• Urethritis: Inflammation of the urethra caused by infection
  • Urethral diverticulum: A pocket that forms in the urethra and can fill with urine, leading to pain or difficulty urinating.

Urethritis, the most general, all-encompassing condition, is different than a UTI. Urethritis happens when bacteria like gonorrhea or chlamydia cause swelling and pain in the urethra. UTIs cause infection in the urinary tract as a whole, which can be caused by a urethra defect among other issues in the urinary tract.

In general, there can be many causes behind urethral pain, including bacteria, skin conditions, and even certain medications or food. There are also gender-specific causes, such as benign prostate hyperplasia in men and epididymitis. Women can suffer urethral pain due to products like spermicides, soaps, lotions, and douches, in addition to intercourse, yeast infections, and bacterial vaginosis. Even menopause can lead to a prolapsed urethra in severe cases.

It's important to discuss any pain or discomfort in your urethra or urinary tract with your healthcare provider. They will be able to assess your overall health, age, and lifestyle factors, in addition to running one or more of the below diagnostic tests to pinpoint what exactly is causing your pain, and if it's affecting your urethra directly or indirectly.


There are a few tests that can be done in order to diagnose a urethra disorder. They include:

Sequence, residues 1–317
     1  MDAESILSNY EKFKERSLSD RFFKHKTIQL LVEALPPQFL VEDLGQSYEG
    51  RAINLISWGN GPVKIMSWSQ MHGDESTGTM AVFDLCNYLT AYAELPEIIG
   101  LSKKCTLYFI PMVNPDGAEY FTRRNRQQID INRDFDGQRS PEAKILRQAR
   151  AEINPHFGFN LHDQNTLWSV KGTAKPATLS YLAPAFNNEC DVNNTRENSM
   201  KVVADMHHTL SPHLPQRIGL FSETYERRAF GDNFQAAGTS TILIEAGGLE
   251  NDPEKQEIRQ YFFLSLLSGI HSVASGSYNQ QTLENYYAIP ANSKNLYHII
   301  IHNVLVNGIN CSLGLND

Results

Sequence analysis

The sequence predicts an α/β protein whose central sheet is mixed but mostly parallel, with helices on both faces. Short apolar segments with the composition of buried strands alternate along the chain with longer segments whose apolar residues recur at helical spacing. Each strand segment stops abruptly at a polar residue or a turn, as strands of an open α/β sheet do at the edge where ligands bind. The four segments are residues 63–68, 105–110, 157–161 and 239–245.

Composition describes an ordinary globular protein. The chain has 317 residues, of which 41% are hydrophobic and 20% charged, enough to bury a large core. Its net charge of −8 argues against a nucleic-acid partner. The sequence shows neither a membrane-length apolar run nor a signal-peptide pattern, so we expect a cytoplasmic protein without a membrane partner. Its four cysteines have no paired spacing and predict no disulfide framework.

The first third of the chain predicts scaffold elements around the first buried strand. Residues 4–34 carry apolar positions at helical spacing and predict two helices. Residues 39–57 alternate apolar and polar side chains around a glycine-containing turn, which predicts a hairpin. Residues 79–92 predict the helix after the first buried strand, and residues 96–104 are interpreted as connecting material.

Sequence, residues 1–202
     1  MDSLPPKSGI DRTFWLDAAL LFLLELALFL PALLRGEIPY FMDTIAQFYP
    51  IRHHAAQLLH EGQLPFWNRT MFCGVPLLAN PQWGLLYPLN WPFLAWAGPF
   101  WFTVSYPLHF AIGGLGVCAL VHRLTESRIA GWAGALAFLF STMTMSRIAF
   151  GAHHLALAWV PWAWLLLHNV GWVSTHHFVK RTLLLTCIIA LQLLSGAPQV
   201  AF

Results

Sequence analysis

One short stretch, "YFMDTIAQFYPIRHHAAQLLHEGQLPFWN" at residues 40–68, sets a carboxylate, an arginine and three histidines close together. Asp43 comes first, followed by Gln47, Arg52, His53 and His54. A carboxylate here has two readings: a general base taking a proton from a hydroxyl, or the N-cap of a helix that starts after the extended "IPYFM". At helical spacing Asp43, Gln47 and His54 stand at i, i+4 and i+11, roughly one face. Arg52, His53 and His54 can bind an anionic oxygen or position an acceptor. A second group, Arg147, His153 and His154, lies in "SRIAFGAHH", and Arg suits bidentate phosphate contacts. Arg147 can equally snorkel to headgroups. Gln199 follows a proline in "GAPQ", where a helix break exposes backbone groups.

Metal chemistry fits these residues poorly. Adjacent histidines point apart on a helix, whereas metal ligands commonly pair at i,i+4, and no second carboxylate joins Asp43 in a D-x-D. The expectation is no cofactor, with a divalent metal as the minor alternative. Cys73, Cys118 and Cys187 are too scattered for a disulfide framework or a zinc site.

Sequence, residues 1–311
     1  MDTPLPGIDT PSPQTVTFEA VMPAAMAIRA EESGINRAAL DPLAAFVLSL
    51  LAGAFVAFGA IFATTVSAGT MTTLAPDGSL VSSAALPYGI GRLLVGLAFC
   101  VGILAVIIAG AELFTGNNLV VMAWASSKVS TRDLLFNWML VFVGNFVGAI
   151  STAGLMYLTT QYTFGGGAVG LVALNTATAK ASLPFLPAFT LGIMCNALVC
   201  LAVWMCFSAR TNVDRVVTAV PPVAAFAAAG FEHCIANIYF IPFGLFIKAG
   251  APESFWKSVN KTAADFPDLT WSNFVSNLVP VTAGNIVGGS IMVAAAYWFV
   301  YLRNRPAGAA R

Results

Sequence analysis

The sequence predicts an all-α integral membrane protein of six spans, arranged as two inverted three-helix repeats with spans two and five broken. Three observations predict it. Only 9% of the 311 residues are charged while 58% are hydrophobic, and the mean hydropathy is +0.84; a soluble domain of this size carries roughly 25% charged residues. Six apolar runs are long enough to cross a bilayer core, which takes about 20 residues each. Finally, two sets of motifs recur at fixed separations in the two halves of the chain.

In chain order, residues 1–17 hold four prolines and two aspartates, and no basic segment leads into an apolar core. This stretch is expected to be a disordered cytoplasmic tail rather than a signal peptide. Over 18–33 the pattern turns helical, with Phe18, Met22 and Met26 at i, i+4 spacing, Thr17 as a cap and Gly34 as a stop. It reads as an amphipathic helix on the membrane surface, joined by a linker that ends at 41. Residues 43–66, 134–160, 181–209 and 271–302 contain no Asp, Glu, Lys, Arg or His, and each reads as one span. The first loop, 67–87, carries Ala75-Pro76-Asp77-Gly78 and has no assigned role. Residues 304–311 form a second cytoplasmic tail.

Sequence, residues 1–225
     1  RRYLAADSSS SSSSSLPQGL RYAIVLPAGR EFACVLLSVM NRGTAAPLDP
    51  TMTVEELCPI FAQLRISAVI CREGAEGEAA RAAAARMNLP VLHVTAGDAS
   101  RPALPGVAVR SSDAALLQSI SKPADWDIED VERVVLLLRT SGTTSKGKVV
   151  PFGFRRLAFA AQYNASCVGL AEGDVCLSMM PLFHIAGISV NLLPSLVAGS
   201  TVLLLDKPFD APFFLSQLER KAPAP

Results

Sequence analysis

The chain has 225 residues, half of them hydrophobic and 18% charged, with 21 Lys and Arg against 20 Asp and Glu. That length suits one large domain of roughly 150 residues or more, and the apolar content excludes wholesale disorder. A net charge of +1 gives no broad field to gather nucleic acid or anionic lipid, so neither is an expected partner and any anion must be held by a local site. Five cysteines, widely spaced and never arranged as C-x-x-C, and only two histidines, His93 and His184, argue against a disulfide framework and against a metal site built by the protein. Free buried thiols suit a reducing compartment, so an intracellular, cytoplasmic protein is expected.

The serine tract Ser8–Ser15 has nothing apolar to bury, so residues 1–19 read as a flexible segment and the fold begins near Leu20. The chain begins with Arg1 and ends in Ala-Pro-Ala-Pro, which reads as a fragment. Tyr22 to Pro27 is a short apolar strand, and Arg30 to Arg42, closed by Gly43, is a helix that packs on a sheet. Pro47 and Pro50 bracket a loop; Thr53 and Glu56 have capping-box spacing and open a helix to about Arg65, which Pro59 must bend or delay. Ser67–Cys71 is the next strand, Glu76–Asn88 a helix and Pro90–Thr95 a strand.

• Cystoscopy: A thin tube (cystoscope) with a camera is inserted through the urinary opening, up the urethra, and into the bladder, with a live video feed.
  • Urethral discharge culture: A cotton swab is inserted into the tip of the urethra to determine if there is an infection. This test is only performed on those who have a penis.
  • Urinalysis: Biochemical and microscopic examination of the urine can detect infections and inflammation.
  • Urethral ultrasound: Imaging of the abdominal area in order to diagnose any issues in the urethra.
  • Retrograde urethrogram: Used most widely in male patients who may have suffered trauma of the urethra, this test is an X-ray of the bladder and urethra. It's done with a contrast agent in order to see any blockages or strictures in the urethra.

Sometimes it can be difficult to tell what area of the urinary tract your pain is coming from, particularly in those with female anatomy since the urethra is so short. Your healthcare provider will be able to tell which tests are right for you based on your symptoms, such as any difficulty or issues passing urine in addition to pain or discomfort when urinating or ejaculating.

11 Sources
Verywell Health uses only high-quality sources, including peer-reviewed studies, to support the facts within our articles. Read our editorial process to learn more about how we fact-check and keep our content accurate, reliable, and trustworthy.
  1. National Cancer Institute SEER Training Modules. Urethra.

  2. Reuter Victor E., Al-Ahmadie Hikmat A., Urethra. Urologic Surgical Pathology. 2020; 534-548(4):548.e1-548.e5. doi:10.1016/B978-0-323-54941-7.00011-6

  3. Teach Me Anatomy. The urethra.

  4. Rabinowitz R. Urethra defects. Merck Manual.

  5. Gyftopoulos K, Matkaris M, Vourda A, Sakellaropoulos G. Clinical implications of the anatomical position of the urethra meatus in women with recurrent post-coital cystitis: a case-control study. Int Urogynecol J. 2019;30(8):1351-1357. doi:10.1007/s00192-018-3710-7

  6. Johns Hopkins Medicine. Anatomy of the urinary system.

  7. Campbell-Walsh Urology, 12th Edition (Copyright 2021), chapter 71 on “Disorders of Male Orgasm and Ejaculation”

  8. Medline Plus. Urethral disorders.

  9. Harvard Health Publishing. Urethritis.

  10. UCSF Health. Urethral discharge culture.

  11. Urology Care Foundation. What is a retrograde urethrogram?

By Colleen Travers
Colleen Travers writes about health, fitness, travel, parenting, and women’s lifestyle for various publications and brands.